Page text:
Video Reviews: Four DVDs on Music, March 15, 2012


Brian Eno, 1971‚ 1977: The Man Who Fell to Earth. color & b/w. 154 min. Sexy Intellectual Prods., dist. by Music Video Distributors, 800-888-0486; 2011. DVD UPC 823564524894. $19.95. MUSIC

Originally the sound manipulator for the band Roxy Music, Brian Eno displayed an odd appearance that earned him space on stage when the group hit the UK’s glam scene in 1971. Eno freely confessed not to be an actual musician, though he did eventually master the complex VCS 3 synthesizer. When he left the band in 1973, deeply in debt, he fell back on his avant-garde art school theories and began creating tape-recorded feedback loops, sometimes with chance experiments determining the content. This approach evolved into ambient music, upon which his reputation largely rests, along with some production work, notably with David Bowie. This fascinating documentary is largely narrated by half a dozen writers who have covered or reviewed Eno; his only verbal contributions are a few older snippets. VERDICT This two-and-a-half-hour examination of a fragment of the career of a musician most non‚ music nerds have probably never heard of is a fairly specialized film. People who know of Eno are likely to be passionate, though, so academic and larger public libraries will want to add this.‚ John Hiett, Iowa City P.L.

Everyday Sunshine: The Story of Fishbone. color. 108+ min. Lev Anderson & Chris Metzler, dist. by Cinema Guild, 2012. DVD ISBN 9780781512937. $99.95; acad. libs. $295. Public performance; home version. Spark: Cinema Guild. $29.95. MUSIC

The band Fishbone occupies a unique place in contemporary music. Started by a group of African American junior high school friends in 1979 in South Central Los Angeles, the band pioneered a ska/reggae/heavy metal/punk fusion that was straight from space. Combined with an exuberant stage presence by front man Angelo Moore and anchored by the amazing bass playing of Norwood Fisher, Fishbone produced a unique sound in a segregated genre. This film, narrated by Laurence Fishburne, serves as both history and love letter to the band, with cameos by admirers Gwen Stefani, Ice-T, Flea, George Clinton, and Tim Robbins. Although the band has achieved legendary status among aficionados, the lack of chart success and internal pressures have led to repeated cycles of disintegration and resurrection, with the band’s struggles well documented here. Fishbone still plays‚ an EP Crazy Glue was released in fall 2011‚ but the tours are limited, and the crowds are small. VERDICT This film provides a compelling relationship narrative and a fascinating glimpse into the Los Angeles punk rock party. Recommended for fans of the genre and students of popular music’s byways.‚ Bill Baars, Lake Oswego P.L., OR

starred review star Rejoice & Shout. color. 115+ min. Don McGlynn, Deep Rivers Films, dist. by Magnolia Pictures, 2011. DVD UPC 876964001458. $26.98. Closed-captioned. Rated: PG. MUSIC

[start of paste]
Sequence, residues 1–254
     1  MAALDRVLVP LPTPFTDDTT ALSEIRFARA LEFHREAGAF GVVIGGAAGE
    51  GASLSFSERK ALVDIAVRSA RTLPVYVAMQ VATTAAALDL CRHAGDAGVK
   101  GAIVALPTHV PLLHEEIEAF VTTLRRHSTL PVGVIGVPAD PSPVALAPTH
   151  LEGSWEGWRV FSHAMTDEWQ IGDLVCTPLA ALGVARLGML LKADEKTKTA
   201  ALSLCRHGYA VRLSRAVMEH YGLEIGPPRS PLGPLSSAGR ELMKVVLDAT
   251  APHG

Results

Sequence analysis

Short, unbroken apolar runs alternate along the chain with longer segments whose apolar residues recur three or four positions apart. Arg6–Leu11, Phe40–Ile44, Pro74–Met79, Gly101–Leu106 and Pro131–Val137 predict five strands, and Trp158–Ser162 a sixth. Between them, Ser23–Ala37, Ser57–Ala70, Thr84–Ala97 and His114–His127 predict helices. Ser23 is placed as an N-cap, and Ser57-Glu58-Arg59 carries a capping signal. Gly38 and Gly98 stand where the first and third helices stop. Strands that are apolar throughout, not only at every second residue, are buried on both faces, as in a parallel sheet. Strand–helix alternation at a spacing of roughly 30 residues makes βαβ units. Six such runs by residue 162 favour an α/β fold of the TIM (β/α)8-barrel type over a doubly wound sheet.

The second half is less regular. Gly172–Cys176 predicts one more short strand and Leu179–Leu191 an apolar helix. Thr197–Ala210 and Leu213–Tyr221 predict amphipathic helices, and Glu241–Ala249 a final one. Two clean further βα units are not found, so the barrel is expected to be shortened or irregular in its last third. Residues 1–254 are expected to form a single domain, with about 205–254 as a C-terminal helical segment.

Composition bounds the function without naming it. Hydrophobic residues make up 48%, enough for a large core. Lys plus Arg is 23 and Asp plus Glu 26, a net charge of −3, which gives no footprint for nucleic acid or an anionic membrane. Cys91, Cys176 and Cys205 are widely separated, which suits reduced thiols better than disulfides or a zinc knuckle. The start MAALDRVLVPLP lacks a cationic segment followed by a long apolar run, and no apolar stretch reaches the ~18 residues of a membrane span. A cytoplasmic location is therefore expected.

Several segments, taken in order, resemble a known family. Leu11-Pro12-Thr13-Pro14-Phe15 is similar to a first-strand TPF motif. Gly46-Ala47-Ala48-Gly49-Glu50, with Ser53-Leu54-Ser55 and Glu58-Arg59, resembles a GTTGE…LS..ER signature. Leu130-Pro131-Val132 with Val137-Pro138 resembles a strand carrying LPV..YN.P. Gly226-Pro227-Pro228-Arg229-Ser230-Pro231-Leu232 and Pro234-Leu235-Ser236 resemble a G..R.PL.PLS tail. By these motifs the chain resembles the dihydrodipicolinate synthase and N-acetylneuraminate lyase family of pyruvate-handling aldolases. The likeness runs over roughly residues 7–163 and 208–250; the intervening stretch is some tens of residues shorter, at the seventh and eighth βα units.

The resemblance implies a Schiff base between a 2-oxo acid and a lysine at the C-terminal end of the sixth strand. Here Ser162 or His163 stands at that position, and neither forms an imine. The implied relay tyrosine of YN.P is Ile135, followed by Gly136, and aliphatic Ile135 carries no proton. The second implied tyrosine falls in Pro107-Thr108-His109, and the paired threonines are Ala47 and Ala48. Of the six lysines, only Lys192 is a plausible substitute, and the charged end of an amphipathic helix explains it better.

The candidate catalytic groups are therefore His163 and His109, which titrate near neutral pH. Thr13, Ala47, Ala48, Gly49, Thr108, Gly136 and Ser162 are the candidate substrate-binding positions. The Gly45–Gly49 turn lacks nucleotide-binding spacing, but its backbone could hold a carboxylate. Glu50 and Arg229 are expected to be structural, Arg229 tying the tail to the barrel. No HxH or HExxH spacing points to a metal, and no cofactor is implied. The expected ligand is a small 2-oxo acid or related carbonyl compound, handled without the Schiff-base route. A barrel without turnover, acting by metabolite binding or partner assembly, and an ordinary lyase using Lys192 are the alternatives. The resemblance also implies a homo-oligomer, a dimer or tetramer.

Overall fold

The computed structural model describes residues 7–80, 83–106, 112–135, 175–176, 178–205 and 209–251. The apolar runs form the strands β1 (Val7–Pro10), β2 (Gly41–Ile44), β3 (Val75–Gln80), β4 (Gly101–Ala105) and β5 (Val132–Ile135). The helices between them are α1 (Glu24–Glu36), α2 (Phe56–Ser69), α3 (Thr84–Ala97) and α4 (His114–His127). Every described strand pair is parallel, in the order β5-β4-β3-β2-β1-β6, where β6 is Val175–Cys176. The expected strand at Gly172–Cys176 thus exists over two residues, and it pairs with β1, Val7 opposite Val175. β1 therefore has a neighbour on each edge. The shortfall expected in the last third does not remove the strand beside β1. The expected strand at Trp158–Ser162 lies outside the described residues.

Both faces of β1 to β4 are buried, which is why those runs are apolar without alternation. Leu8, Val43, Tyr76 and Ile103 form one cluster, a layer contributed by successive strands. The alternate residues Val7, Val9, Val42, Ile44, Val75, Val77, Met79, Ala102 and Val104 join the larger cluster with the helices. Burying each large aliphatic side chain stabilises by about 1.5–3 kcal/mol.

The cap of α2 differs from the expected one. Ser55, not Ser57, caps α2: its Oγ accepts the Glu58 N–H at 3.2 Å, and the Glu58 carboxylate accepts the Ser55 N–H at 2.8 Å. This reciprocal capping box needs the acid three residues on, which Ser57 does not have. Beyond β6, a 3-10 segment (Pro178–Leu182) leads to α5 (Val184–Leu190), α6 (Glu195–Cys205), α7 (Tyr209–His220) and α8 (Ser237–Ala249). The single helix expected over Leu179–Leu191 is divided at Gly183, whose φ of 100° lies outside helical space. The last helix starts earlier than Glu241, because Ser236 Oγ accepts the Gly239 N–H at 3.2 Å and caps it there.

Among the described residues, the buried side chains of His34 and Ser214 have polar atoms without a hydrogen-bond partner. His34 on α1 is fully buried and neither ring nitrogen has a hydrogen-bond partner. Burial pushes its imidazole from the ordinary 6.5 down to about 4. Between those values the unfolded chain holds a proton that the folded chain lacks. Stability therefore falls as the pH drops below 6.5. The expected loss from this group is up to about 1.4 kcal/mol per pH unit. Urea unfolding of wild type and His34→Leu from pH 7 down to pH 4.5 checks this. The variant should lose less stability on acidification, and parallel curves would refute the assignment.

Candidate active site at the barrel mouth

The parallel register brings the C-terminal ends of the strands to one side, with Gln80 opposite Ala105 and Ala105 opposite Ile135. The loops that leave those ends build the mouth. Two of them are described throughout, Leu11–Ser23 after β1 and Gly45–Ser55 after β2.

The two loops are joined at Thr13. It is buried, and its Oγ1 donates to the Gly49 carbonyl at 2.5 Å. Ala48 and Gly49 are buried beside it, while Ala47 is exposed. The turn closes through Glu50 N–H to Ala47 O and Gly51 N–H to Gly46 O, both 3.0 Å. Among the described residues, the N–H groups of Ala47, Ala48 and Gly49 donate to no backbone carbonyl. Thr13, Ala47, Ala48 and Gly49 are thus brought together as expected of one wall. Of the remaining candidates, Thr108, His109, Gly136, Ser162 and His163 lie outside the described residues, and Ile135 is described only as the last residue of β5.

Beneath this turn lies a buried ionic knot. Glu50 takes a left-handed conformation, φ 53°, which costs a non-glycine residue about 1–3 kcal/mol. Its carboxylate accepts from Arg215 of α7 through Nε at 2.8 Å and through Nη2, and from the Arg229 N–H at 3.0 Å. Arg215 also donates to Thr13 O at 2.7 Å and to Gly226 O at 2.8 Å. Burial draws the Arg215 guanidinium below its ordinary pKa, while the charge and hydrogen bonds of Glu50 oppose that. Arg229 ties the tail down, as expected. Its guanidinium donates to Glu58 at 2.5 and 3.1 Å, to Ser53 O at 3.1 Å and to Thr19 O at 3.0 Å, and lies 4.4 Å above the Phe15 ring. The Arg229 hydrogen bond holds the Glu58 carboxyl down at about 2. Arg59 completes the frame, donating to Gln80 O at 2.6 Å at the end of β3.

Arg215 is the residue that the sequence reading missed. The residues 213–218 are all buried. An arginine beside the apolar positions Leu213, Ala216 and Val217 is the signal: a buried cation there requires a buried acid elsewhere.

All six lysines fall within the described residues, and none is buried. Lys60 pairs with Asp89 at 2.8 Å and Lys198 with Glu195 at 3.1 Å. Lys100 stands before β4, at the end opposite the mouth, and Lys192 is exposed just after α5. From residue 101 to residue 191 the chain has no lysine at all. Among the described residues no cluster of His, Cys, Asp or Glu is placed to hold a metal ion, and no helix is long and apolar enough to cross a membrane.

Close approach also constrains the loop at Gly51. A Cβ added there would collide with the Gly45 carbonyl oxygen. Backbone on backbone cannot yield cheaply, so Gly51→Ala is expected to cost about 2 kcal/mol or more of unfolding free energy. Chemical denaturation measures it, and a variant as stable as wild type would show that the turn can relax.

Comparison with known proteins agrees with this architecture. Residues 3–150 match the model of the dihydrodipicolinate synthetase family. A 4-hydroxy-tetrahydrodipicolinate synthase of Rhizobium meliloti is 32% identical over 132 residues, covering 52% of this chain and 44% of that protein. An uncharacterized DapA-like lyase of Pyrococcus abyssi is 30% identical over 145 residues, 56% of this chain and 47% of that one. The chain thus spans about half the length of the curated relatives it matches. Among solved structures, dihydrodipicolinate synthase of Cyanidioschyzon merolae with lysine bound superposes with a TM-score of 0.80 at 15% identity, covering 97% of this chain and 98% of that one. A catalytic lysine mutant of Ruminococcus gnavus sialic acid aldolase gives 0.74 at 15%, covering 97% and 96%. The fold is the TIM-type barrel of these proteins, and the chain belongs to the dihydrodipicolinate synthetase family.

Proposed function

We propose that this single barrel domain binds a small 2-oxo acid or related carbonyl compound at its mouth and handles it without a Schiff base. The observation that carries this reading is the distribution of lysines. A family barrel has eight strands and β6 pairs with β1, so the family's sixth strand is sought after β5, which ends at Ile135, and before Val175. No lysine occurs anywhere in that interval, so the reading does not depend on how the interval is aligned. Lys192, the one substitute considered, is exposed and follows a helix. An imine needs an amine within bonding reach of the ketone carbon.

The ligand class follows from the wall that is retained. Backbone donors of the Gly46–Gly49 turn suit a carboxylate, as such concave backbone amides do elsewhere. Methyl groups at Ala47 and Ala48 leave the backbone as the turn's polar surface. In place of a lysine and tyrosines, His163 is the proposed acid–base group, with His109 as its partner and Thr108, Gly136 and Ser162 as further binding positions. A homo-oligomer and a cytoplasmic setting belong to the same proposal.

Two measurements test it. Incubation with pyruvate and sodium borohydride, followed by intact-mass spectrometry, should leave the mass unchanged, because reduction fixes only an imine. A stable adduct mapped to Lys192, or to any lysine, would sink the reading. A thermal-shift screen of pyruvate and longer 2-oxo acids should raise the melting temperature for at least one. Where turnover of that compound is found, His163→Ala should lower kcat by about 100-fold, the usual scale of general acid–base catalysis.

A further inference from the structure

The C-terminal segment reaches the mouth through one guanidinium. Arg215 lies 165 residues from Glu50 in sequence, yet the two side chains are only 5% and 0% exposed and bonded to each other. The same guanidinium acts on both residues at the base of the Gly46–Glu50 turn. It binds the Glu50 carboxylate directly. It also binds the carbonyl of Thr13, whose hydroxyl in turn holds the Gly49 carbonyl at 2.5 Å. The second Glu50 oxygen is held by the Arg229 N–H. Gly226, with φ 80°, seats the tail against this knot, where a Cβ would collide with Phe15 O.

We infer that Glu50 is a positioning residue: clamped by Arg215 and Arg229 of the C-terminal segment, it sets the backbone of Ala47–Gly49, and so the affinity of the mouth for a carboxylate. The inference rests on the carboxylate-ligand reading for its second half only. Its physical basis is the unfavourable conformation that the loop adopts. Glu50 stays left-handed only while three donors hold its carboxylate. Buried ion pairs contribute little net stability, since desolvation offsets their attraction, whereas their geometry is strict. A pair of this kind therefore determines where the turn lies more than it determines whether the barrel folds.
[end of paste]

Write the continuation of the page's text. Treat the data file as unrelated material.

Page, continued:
A joyful noise from start to finish, Rejoice & Shout packs in 200 years of American gospel from plantation call and response, spirituals, and early hymns to quartets of four-part harmony, blues, swing, and rap and hip-hop. Covering the legends of the genre and brimful of stunning archival footage and historic recordings, this film will satisfy current fans of gospel and make believers of the uninitiated. Performers include the Swan Silvertones, the Clara Ward Singers, Rev. James Cleveland, Sister Rosetta Tharpe, and many, many more. Those interviewed include Ira Tucker from the Dixie Hummingbirds, Mavis Staples, Smokey Robinson, Marie Knight, and Andraé Crouch. Director McGlynn has done a stellar job; it’s hard to imagine any gospel collection being more definitive. VERDICT This film should be in every collection; once seen, it will be watched again and again. Rejoice, indeed.‚ Bill Baars, Lake Oswego P.L., OR

This Time: A Musical Documentary. color. 111+ min. Victor Mignatti, Inspiration 101 LLC & Village Art Picture, dist. by Transit Media, 800-343-5540; 2011. DVD UPC 884501460538. $85; acad. libs. $175; public performance; home version $21.95. MUSIC

Contrary to what one might expect from a documentary directed, edited, and filmed by one person, Mignatti’s film is as slick and polished as it is knowing and entertaining. Chronicled are a few of the unsung masters of music recording, performing, writing, and producing, the 99 percent whose reward is mostly artistic. The legendary Sweet Inspirations, who worked with everyone from Elvis Presley to Dusty Springfield, regroup to record and promote a new CD. Longtime Manhattan performer and recording artist Bobby Belfry continues his work despite the dwindling number of piano bars. He is the rare cabaret artist (he doesn’t like that label) who writes most of his own work. His complaints of still singing in the same bar week after week or small audiences come across as a bit whiny compared to what the Sweet Inspirations and others have been through. These are the stories of the true survivors, still working and not forgotten. Bonus features include the Inspirations’ inside stories of performing with Stevie Wonder, Aretha Franklin, and many others. VERDICT Highly recommended for those who love music and the many talents behind it.‚ Gerald A. Notaro, Univ. of South Florida Lib., St. Petersburg

Bette-Lee Fox About Bette-Lee Fox

Bette-Lee Fox ( is Managing Editor, Library Journal.

Now in her 46th year with Library Journal, Bette-Lee also edits LJ's Video Reviews column, six times a year Romance column, and e-original Romance reviews, which post weekly as LJ Xpress Reviews. She received the Romance Writers of America (RWA) Vivian Stephens Industry Award in 2013 for having "contributed to the genre or to RWA in a significant and/or continuing manner"